The Seventh Circuit ruled yesterday that pharmaceutical sales representatives (“PSRs”) for Eli Lilly & Co. and Abbott Laboratories Inc. are exempt from overtime under the Fair Labor Standards Act (“FLSA”) under the Administrative Exemption. The timing of the decision comes as a surprise in light of the fact that the exempt status of PSRs under the outside sales exemption is currently on review by the U.S. Supreme Court in Christopher v. SmithKline. The High Court’s decision in that case is not expected until at least next month.
The Seventh Circuit’s decision states that the plaintiff PSRs for both companies satisfy the administrative exemption “duties test” because they (1) perform work directly related to the general business operations of their employers, and (2) exercise independent judgment and discretion in carrying out that work.
With respect to the first prong of the test, the court relied on prior cases such as Roe-Midgett v. CC Services Inc., 512 F.3d 865 (7th Cir. 2008), and Reich v. John Alden Life Ins. Co., 126 F.3d 1 (1st Cir. 1997), which held that employees who act as representatives of the business to third parties are involved in “servicing” the business and are therefore administrative employees. The court stated that PSRs, “are the public face of their employer to the most important decision-maker regarding use of their companies’ products, the prescribing physicians” and thus their primary duty is administrative in nature.
The court went on to find that the PSRs at issue exercise independent judgment and discretion in their duties, despite the fact that the pharmaceutical industry is heavily regulated. Citing the extensive substantive training that PSRs receive with respect to the products they promote and the disease processes they treat, the Seventh Circuit found that the plaintiffs were not treated by the drug companies as “simple mouthpieces, reciting scripts.” The court stated that even determining “when the physician’s inquiry is sufficiently nuanced to require a response from a more knowledgeable representative” requires a “significant amount of discretion.” The court also found that PSRs exercise discretion in tailoring their conversations to the particular physicians with whom they meet.
Aside from the timing of the opinion, the Seventh Circuit’s decision is also somewhat surprising for what the court chose not to discuss. For example, the Seventh Circuit virtually ignored the amicus brief filed by the Department of Labor (“DOL”) in support of the Plaintiffs and the issue of whether and, if so, how much deference the court should give to the DOL’s views. Addressing the DOL’s amicus position that PSRs do not qualify for the administrative exemption (previously adopted by the Second Circuit in Novartis) only in a footnote, the Seventh Circuit stated that the question of deference “might deserve significant attention if an interpretation of the regulations were in question.” In what can only be seen as a slap at the DOL, the court then concluded that the analysis of the administrative exemption required only “application of an unambiguous regulation” to the facts of the case.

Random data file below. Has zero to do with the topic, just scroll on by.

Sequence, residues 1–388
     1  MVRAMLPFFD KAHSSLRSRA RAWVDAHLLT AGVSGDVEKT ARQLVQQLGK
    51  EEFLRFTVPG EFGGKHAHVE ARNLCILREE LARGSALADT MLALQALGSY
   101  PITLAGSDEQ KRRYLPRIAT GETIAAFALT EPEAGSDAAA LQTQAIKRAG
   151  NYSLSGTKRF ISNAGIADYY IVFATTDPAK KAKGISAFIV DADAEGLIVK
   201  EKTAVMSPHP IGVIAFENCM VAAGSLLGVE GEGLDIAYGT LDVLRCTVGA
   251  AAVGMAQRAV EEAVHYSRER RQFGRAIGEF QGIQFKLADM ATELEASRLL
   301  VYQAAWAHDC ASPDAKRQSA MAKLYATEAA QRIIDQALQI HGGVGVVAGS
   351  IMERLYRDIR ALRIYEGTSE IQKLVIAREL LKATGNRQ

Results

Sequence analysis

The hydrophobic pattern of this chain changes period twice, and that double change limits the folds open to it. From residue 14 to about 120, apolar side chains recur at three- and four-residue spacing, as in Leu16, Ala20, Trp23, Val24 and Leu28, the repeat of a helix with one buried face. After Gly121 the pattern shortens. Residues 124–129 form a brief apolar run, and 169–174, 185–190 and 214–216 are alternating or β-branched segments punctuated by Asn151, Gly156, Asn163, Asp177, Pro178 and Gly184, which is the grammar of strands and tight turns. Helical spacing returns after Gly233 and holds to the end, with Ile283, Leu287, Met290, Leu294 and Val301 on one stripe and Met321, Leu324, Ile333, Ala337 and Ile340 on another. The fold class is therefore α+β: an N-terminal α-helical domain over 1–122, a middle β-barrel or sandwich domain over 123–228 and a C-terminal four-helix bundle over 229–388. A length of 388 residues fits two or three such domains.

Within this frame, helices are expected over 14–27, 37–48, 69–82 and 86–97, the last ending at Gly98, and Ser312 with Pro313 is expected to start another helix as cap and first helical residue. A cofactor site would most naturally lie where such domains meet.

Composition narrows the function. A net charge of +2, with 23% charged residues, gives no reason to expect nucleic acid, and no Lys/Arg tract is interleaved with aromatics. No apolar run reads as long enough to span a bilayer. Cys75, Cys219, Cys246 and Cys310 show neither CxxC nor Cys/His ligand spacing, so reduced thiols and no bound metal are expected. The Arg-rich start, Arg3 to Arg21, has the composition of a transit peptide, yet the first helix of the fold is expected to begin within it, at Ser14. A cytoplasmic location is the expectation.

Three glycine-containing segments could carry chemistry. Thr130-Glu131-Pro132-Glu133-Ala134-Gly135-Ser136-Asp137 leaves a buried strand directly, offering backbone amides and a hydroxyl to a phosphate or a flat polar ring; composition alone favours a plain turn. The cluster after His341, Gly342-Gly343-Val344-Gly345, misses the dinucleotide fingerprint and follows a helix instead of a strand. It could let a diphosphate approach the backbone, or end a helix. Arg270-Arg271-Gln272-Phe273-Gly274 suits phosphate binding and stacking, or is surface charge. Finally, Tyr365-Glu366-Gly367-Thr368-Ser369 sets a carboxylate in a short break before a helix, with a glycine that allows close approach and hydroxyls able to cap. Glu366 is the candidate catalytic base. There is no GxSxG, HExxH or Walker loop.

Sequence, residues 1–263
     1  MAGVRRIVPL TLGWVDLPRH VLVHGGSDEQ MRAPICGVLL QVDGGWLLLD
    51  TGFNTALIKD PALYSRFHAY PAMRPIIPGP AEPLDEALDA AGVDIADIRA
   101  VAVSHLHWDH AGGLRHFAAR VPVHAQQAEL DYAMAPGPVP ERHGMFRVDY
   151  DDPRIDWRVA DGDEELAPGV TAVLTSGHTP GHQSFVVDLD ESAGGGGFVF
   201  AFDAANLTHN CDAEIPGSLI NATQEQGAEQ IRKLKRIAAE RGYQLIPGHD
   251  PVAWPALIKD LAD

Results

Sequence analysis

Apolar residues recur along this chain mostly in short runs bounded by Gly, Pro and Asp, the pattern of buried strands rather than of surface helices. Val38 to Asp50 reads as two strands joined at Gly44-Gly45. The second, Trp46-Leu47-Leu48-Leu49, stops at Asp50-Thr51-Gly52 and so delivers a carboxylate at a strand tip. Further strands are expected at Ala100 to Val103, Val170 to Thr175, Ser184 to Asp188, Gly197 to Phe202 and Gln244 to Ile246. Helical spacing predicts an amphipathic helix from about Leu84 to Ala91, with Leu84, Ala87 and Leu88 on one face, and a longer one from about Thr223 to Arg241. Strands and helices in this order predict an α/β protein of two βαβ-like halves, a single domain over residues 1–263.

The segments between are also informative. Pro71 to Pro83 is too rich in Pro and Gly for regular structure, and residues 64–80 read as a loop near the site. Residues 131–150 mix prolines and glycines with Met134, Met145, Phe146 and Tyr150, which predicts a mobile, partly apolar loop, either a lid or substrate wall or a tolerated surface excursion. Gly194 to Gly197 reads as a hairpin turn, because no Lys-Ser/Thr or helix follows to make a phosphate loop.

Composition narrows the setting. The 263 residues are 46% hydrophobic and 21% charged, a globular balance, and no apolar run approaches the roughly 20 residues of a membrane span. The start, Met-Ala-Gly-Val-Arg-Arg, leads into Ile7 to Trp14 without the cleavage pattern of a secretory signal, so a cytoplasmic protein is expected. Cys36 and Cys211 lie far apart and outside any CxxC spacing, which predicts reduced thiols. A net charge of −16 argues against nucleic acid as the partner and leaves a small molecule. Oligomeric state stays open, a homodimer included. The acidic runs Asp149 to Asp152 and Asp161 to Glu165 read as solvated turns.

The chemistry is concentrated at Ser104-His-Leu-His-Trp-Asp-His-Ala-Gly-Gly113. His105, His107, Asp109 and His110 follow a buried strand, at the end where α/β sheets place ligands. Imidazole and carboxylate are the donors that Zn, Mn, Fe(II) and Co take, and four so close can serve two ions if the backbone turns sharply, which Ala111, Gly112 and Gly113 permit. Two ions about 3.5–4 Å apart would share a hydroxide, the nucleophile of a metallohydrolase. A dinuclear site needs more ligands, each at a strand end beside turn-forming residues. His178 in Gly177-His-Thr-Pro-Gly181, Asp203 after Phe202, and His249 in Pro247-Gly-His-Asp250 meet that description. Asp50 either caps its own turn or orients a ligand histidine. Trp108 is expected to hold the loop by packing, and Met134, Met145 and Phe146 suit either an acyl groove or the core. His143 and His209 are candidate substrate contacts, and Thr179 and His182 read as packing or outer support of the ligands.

The Seventh Circuit’s decision is important to employers primarily for two reasons. First, as we have previously stated on this Blog, if the Supreme Court were to rule in Christopher v. SmithKline that PSRs are not exempt under the outside sales exemption, the battleground over the exempt status of these employees would shift to the administrative exemption, an issue not raised in SmithKline. By joining the Third Circuit in Smith v. Johnson & Johnson and Baum v. AstraZeneca in finding that the administrative exemption does apply to PSRs, the Seventh Circuit has given the industry’s position a tremendous boost. Second, in yesterday’s decision, the Seventh Circuit interpreted the administrative exemption broadly as to both the “directly related” and discretion and independent judgment prongs of the duties test. This will be helpful to employers generally in defending against claims that they improperly applied the administrative exemption.
It is not yet clear whether the plaintiffs in the two cases decided yesterday will seek further review from the Seventh Circuit or Supreme Court. We will update our readers as events warrant.